Safety concerns and service restrictions have led to a decrease in routine visits, especially as pet owners began performing more pet care tasks at home. However, those owners who are still visiting their veterinarian are using more services than before.

Fortunately, the trust pet owners place in veterinarians remains high, and people are willing to pay for expert advice and care. Just over half of all pet owners claim they would pay anything for their pet’s health and find pet health care expenses manageable. And, just over half of pet owners claim that they are willing to pay more for expert veterinary advice.

However, while trust for veterinarians has increased during COVID, there has been a shift in attitude toward veterinary care. Pet owners want to be more self-reliant, checking what services are necessary, and critically looking at prices.

In general, millennials are more demanding of convenience, cost savings, and efficiency in service delivery than other generations. Pet owners want:

  • The convenience of online ordering and home delivery of prescriptions and specialty food
  • The time efficiency and flexible scheduling of curbside drop-offs
  • The cost and time savings of telemedicine that can provide over-the-phone reassurance over in-person care
  • The improved health for pets garnered by regular, proactive exams completed through wellness programs

In the face of epic change, veterinarians still look to their core strengths—surgical services, staffing, and diagnostics—to serve patients and owners.  

#4: The attitudes and behaviors of millennials need to be understood

Overall, millennials do more with their pets than any other generation. They play, walk, socialize, groom, and purchase more supplies for their pets. They are also more likely to use ancillary services, such as pet sitters, boarding, daycare, and obedience training, more often. However, their overall rate of veterinary visits is down, with most of their veterinary care focused on illness and acute care needs.

Millennials are the largest pet-owning generation, so veterinarians need to understand their desires and preferences. To cater to this generation, veterinarians and their teams must provide digital services, such as telemedicine, teletriage, online appointment scheduling, and app-powered prescription refill and vaccination history requests. Millennials use digital services more than any other generation, a trend that has increased since COVID, and they view telephone consultations and online bookings as more important than curbside services.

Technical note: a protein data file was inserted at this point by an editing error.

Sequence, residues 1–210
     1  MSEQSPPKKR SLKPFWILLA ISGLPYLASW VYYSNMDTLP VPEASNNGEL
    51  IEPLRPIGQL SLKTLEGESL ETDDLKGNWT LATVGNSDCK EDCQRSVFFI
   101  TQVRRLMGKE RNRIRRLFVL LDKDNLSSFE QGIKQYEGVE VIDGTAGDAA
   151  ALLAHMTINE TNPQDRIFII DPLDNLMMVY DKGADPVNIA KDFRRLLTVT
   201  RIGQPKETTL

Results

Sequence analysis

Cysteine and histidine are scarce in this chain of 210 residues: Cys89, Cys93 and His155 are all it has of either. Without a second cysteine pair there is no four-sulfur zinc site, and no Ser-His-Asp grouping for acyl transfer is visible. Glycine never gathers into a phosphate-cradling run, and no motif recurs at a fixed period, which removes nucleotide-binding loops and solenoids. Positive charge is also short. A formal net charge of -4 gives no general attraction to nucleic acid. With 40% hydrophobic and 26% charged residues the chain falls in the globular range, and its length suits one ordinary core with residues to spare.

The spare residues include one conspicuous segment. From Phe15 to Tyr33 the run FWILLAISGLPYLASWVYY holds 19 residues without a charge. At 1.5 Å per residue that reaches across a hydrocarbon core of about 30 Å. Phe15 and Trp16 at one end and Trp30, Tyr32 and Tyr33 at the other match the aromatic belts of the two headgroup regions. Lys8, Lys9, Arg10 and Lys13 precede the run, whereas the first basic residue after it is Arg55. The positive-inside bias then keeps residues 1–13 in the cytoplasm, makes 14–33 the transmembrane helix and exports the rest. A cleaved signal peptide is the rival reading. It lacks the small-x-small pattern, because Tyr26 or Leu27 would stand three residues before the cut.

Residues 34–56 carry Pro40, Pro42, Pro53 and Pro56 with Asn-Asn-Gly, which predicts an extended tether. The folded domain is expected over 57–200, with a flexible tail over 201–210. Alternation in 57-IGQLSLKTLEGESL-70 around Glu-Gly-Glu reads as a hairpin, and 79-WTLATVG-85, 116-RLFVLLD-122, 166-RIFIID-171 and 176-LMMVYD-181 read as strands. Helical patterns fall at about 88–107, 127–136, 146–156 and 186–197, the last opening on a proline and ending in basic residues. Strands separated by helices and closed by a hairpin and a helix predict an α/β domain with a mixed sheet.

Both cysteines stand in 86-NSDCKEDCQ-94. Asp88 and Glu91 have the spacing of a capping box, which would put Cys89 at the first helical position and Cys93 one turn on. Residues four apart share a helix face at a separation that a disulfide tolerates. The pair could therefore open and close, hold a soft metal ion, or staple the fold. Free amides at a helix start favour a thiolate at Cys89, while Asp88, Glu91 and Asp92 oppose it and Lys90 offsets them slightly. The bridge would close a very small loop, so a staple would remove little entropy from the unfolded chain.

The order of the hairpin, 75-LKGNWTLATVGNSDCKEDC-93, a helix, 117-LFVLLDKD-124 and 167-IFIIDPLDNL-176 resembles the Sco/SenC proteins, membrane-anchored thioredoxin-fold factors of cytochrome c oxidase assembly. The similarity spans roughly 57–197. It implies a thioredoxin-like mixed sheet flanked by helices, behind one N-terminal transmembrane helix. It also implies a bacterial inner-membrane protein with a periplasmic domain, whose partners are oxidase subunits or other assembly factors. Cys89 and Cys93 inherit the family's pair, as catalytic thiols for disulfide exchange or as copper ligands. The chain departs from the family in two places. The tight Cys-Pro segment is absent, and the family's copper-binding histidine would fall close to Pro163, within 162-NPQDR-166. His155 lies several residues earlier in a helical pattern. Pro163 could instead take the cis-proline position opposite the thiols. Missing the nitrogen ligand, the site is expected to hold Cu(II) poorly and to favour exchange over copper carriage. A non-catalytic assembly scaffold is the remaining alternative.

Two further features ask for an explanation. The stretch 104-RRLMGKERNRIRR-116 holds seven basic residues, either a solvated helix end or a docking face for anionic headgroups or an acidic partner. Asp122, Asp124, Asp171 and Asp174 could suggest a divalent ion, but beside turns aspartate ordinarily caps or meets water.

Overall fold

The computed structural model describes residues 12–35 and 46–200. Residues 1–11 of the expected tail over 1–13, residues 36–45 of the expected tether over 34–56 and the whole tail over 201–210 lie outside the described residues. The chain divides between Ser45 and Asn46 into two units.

#5: Many “pandemic pets” are in danger of being relinquished

During the pandemic, 38% of pet owners purchased or adopted a new pet to help keep them active and stave off loneliness. Many people welcomed their first pet home during the pandemic, the majority of which were high-earning, male millennials living in urban areas.

These first-time pet owners are particularly concerned about separation anxiety developing in their new pets post-COVID, yet they will likely refuse to seek support. Additionally, 8% of first-time pet owners are seriously considering relinquishing their pet after the pandemic, with another 19% somewhat considering relinquishment.

As the veterinary industry tries to find its way forward in the wake of the pandemic, veterinarians and their teams must adapt to what pet owners have become accustomed to during COVID, rather than falling back into old protocols. COVID changed how pet owners view their furry companions, and how they want to administer and receive care for their pets. By staying at the forefront of these far-reaching, COVID-induced implications, veterinary practices can ensure they remain valuable to all client generations, and provide care in a manner that meshes with client needs.